I wasn't intending to post on this.  Robert Kenner's documentary Food Inc. has been widely and well reviewed (NYTimes review here).  And frankly, there's almost nothing in this movie that I, like most people who follow these issues, haven't known for years. (For a contrarian view, here's this slightly wordy but helpfully skeptical response from a blogger, Grumpy Glutton.)

But there was one thing I did not expect and am writing now to try to understand it.  As the plaintive voice of Bruce Springsteen sounded and the credits rolled, I wept.  Not just misty-eyed.  Rolling tears and a wet face.  Why on earth? What could account for this emotional response to information I already knew?

I repeat, there is virtually nothing here that I didn't know, save for the extent that veggie libel laws are now working against the consumer (you and me).  So what happened?

First, the film is beautifully photographed, a real professional job.  The two main tour guides, Michael Pollan and Eric Schlosser are filmed and recorded with appealing clarity; and they've been touting these ideas so regularly that they've got their words down pat, words I was more than happy to listen to again.

There is the emotionally wrenching story of the mom who lost her 2-year-old Kevin to E. coli (healthy happy thriving boy one day, dead 12 days later) presumably from a tainted fast food burger.  She continues to fight to give the USDA more power to halt unsafe food production.  Today the NYTimes advocates for the House to pass a bill this week giving more such power to the FDA.

What got me was her final plea: All I wanted, she says, was for the company to say "We're sorry, and here's what we're going to do to make sure it never happens anyone else."  No dice.  That wasn't coming.  Her name is Barbara Kowalcyk.  Her boy would have been ten now, the same age as the boy watching the movie beside me, my son James.  I can't imagine.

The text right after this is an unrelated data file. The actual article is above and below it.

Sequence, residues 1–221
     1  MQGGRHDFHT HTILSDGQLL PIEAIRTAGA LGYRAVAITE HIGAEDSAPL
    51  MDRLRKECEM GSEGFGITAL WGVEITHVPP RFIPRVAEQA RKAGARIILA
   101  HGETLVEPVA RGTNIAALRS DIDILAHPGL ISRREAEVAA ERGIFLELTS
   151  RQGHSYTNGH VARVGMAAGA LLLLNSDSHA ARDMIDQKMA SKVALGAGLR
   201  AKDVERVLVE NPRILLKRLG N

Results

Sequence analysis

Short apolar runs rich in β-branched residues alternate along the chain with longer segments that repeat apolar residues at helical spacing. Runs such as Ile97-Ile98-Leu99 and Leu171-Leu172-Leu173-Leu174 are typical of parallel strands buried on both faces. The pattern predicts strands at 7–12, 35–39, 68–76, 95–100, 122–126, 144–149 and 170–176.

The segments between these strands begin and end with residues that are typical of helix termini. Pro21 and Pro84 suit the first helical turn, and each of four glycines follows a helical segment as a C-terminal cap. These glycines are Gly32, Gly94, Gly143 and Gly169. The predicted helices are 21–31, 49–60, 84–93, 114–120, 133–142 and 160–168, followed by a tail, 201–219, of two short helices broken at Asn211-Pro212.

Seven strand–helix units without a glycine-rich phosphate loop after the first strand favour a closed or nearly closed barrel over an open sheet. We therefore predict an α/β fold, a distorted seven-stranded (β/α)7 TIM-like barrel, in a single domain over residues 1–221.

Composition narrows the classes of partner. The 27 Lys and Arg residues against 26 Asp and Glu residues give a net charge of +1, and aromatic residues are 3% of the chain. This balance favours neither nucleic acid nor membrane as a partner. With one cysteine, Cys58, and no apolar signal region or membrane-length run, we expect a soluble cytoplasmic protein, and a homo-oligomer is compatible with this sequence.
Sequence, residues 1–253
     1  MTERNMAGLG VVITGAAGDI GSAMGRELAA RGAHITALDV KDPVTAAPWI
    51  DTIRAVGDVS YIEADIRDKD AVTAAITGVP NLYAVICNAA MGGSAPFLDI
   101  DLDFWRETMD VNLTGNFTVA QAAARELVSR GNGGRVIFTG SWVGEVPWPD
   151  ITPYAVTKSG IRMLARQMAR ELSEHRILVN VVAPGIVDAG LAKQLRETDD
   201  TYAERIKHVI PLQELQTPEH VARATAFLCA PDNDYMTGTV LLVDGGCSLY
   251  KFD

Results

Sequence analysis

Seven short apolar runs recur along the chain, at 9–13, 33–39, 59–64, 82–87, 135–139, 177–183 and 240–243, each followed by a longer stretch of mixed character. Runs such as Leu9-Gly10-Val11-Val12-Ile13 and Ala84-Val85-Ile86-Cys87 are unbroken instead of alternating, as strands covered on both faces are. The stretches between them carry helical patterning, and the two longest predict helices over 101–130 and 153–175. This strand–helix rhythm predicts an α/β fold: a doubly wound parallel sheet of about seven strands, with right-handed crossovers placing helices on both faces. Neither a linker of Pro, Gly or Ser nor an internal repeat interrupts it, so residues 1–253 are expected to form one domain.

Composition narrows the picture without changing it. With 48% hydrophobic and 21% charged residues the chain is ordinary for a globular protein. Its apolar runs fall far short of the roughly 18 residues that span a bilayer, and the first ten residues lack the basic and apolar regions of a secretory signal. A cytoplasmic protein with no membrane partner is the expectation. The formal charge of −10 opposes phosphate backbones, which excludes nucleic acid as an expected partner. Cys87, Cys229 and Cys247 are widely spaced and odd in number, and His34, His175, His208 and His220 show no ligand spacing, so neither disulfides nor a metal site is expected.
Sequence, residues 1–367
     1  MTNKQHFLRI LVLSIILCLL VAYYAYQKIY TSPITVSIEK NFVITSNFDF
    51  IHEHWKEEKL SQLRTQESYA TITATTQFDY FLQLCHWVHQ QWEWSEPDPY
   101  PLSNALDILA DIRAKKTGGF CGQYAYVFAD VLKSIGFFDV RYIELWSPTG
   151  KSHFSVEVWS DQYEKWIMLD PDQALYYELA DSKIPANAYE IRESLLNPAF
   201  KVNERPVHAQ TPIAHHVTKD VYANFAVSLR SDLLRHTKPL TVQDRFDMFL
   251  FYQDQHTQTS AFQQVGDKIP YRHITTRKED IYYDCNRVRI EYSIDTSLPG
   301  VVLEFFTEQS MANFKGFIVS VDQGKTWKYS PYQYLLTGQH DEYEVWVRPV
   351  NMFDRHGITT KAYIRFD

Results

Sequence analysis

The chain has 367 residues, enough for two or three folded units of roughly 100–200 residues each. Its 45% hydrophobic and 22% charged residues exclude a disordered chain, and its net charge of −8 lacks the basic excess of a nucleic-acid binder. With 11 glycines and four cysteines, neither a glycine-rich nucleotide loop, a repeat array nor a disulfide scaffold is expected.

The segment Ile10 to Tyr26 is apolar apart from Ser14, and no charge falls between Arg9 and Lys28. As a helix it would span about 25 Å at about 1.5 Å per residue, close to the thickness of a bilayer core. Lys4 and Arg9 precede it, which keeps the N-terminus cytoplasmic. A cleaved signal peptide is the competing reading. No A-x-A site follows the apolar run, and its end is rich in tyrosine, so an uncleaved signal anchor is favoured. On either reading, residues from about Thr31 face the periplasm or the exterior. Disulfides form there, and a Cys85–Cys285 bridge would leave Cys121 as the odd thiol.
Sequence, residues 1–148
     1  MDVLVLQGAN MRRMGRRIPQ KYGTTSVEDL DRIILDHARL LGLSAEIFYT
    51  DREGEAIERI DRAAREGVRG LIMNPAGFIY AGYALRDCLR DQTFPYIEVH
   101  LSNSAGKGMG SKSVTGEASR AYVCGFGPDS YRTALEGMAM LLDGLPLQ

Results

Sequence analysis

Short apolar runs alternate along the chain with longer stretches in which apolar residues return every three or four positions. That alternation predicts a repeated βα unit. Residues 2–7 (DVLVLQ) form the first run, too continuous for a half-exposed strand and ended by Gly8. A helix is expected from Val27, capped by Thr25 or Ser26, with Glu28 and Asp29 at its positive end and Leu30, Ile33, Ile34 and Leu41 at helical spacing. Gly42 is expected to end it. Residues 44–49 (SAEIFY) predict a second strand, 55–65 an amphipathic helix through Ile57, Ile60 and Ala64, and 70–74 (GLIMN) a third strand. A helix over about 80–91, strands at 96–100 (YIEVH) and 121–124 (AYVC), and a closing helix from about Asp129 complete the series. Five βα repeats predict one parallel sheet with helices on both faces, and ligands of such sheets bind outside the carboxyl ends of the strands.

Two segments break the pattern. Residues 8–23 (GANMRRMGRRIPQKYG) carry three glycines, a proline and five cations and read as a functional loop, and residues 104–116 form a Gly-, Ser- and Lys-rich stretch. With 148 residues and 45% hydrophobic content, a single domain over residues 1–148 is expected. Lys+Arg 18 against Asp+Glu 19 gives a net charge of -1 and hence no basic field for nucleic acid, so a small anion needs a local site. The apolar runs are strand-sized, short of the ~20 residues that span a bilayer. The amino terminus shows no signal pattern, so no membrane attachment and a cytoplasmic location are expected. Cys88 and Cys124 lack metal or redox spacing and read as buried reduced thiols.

This part scared him.  "Dad, will you be OK if they catch it early enough?" he whispered.  We'd have a lot to talk about on the way home.

Indeed his response will mirror that of most other people who see this movie. Upon leaving the theater, James said,  "That was a really good movie, Dad. (pause)  Kind of makes you want to be a vegetarian. (pause) Kind of makes you not want to eat."

Kind of makes you not want to eat.  How sad is that?  And it's not just the gruesome footage of the kill floor of a beef packer or the disgusting way we raise chickens, it's the increasingly clear dangers of our demanding ever-cheaper food, it's the appalling greed and ruthlessness of Monsanto, aggressively bankrupting the people growing our food.

What are we doing, what are we thinking?  We need to wake up. One of the last great affordable luxuries available to us, and we are throwing it away by not caring, by demanding to pay less and less for it.  Food, this gift that nourishes our body and soul, that brings us together in celebration and in grief, we are putting it in the hands of people who don't give a shit about anything except profit. I cried for my son and his future.  And I cried too for the great souls who do know the way, such as the farmer Joel Salatin, who simply wants to produce the best food possible and make it available to as many people as possible without diminishing its quality.

If you haven't read these books, they're well worth your time. Michael Pollan's Omnivore's Dilemma and Eric Schlosser's Fast Food Nation, both delightful reads.  There's also the more recent The End of Food, by Paul Roberts, who's done a heroic job of reporting, but the world he reports on is so vast his book bogs down in statistics and facts; nevertheless, if you're serious about understanding this world, it's worth the heavy lifting.

Food Inc. makes two points very well that are worth repeating and then I'll shut up.  One: wherever and
whenever, try to know or find out the source of your food.  And two:
every time you buy food, it's a vote for more of that food; if it's excellent, you're asking for more; if it's
shitty food, you're asking for more.